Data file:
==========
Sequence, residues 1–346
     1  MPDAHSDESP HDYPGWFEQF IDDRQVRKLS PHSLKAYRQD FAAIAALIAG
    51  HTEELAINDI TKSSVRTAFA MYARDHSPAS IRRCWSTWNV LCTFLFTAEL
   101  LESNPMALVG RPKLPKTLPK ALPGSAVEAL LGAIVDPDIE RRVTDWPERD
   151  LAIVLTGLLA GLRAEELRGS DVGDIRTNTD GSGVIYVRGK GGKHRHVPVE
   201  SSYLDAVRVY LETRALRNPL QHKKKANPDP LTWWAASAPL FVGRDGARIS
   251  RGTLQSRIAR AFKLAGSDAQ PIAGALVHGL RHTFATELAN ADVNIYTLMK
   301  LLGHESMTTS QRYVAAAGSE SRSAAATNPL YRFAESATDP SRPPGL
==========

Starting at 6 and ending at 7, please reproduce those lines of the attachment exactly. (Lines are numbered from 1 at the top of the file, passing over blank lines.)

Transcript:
   201  SSYLDAVRVY LETRALRNPL QHKKKANPDP LTWWAASAPL FVGRDGARIS
   251  RGTLQSRIAR AFKLAGSDAQ PIAGALVHGL RHTFATELAN ADVNIYTLMK